Insurers use the term “provider” to describe a clinic, hospital, doctor, laboratory, healthcare practitioner, or pharmacy that treats an individual. The “insured” is the owner of the health insurance policy or the person with the health insurance coverage.
Depending on the type of health insurance coverage, either the insured pays costs out of pocket and receives reimbursement, or the insurer makes payments directly to the provider.
In countries without universal healthcare coverage, such as the United States, health insurance is commonly included in employer benefit packages.
In the U.S., the number of people with insurance decreased from 44 million in 2013 to fewer than 28 million in 2016, according to the Kaiser Family Foundation. The researchers put this down to recent changes in legislation.
A Commonwealth Fund 2011 report informed that one-fourth of all U.S. citizens of working age experienced a gap in health insurance coverage. Many people in the survey lost their health insurance when they either became unemployed or changed jobs.
The level of treatment in emergency departments varies significantly depending on what type of health insurance a person has.
Types of Health Insurance
There are two main types of health insurance:
Private health insurance: The Centers for Disease Control and Prevention (CDC) say that the U.S. healthcare system relies heavily on private health insurance. In the National Health Interview Survey, researchers found that 65.4 percentof people under the age of 65 years in the U.S. have a type of private health insurance coverage.
Public or government health insurance: In this type of insurance, the state subsidizes healthcare in exchange for a premium. Medicare, Medicaid, the Veteran’s Health Administration, and the Indian Health Service are examples of public health insurance in the U.S.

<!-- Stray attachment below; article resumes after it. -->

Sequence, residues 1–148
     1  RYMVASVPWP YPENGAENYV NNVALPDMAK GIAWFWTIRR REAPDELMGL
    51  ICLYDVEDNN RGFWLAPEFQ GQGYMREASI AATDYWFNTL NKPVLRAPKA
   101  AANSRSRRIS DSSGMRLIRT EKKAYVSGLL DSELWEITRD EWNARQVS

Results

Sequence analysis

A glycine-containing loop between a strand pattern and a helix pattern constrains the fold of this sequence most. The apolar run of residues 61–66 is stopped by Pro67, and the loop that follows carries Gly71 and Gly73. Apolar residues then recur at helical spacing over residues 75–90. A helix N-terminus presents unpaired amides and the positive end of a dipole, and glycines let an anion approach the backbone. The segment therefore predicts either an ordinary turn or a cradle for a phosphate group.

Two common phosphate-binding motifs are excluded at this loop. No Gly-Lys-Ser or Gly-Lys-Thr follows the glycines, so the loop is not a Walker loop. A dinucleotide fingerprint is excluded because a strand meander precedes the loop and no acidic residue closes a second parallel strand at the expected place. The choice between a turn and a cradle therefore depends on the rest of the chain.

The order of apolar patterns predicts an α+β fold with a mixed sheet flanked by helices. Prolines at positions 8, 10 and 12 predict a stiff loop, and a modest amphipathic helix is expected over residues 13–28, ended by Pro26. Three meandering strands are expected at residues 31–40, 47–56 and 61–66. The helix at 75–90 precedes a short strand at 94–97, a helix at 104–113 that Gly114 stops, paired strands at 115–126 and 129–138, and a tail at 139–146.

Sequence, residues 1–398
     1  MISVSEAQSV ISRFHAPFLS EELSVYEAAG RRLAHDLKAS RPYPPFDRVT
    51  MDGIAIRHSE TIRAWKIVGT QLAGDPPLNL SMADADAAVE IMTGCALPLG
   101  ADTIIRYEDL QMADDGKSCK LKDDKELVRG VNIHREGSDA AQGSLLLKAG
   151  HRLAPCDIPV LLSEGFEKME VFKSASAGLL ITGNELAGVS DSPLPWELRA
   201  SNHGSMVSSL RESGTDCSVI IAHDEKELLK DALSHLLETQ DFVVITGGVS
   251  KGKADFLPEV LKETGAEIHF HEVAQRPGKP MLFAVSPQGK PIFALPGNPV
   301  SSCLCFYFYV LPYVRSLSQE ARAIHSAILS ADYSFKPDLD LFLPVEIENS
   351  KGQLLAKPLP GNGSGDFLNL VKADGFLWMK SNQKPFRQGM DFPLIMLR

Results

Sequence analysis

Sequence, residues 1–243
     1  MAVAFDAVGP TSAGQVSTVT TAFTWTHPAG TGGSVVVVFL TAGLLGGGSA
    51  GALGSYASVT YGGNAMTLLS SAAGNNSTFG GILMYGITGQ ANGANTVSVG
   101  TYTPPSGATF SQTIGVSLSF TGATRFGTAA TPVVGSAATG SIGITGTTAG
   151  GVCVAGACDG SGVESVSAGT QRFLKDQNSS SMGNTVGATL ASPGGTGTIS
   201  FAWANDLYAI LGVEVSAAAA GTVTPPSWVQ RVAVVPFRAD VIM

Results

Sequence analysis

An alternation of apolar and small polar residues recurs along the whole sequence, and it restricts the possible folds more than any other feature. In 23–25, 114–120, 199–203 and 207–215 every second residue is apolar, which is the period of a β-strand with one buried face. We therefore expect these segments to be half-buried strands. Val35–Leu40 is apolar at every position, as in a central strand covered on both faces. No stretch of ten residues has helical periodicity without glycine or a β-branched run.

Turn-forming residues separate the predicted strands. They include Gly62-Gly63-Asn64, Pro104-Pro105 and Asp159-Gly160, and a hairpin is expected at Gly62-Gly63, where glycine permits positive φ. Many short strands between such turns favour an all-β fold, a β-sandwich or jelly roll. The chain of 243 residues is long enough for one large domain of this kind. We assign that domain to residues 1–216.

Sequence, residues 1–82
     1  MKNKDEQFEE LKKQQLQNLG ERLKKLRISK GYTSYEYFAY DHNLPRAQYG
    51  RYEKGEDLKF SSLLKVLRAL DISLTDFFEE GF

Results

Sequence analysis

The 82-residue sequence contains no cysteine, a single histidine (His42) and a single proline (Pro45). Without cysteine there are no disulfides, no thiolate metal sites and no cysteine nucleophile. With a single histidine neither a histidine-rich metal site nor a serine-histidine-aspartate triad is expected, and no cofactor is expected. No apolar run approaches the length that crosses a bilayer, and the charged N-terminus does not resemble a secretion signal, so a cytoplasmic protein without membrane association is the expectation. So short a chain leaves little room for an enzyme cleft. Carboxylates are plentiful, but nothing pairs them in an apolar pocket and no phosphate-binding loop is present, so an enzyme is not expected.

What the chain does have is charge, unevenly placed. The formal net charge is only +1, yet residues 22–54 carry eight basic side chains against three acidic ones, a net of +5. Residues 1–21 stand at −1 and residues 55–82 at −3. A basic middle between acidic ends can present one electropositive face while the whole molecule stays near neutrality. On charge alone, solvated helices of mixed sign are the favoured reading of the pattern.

Other Types of Health Insurance
People also define an insurer by the way they administer their plans and connect with healthcare providers.
Managed care plans: In this type of plan, the insurer will have contracts with a network of healthcare providers to give lower-cost medical care to their policyholders. There will be penalties and additional costs added to out-of-network hospitals and clinics, but they will provide some treatment.
The more expensive the policy, the more flexible it is likely to be with the network of hospitals.
Indemnity, or fee-for-service plans: A fee-for-service plan covers treatment equally among all healthcare providers, allowing the insured to choose their preferred place of treatment. The insurer will typically pay for at least 80 percent of costs on an indemnity plan, while the patient pays the remaining costs as a co-insurance.
Health maintenance organizations (HMOs): These are organizations that provide medical care directly to the insured. The policy will usually have a dedicated primary care physician that will coordinate all necessary care.
HMOs will normally only fund treatment that is referred by this GP and will have negotiated fees for each medical service to minimize costs. This is usually the cheapest type of plan.
Preferred provider organizations (PPOs): A PPO is similar to an indemnity plan, in that they allow the insured to visit any doctor they prefer.
The PPO also has a network of approved providers with which they have negotiated costs.
The insurer will pay less for treatment with out-of-network providers. However, people on a PPO plan can self-refer to specialists without having to visit a primary care physician.
Point-of-service (POS) plans: A POS plan functions as a mix of an HMO and PPO. The insured can choose between coordinating all treatment through a primary care physician, receiving treatment within the insurer’s provider network, or using non-network providers. The type of plan will dictate the progress of treatment.